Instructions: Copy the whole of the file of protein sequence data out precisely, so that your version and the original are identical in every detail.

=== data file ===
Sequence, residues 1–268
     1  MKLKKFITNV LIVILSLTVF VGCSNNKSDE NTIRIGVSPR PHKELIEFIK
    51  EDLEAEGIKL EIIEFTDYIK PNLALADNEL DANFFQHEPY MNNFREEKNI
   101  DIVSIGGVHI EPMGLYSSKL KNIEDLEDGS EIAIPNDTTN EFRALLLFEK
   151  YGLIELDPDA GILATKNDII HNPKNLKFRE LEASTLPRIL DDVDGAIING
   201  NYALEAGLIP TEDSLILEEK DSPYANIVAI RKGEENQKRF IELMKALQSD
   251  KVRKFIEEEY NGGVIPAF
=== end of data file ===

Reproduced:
Sequence, residues 1–268
     1  MKLKKFITNV LIVILSLTVF VGCSNNKSDE NTIRIGVSPR PHKELIEFIK
    51  EDLEAEGIKL EIIEFTDYIK PNLALADNEL DANFFQHEPY MNNFREEKNI
   101  DIVSIGGVHI EPMGLYSSKL KNIEDLEDGS EIAIPNDTTN EFRALLLFEK
   151  YGLIELDPDA GILATKNDII HNPKNLKFRE LEASTLPRIL DDVDGAIING
   201  NYALEAGLIP TEDSLILEEK DSPYANIVAI RKGEENQKRF IELMKALQSD
   251  KVRKFIEEEY NGGVIPAF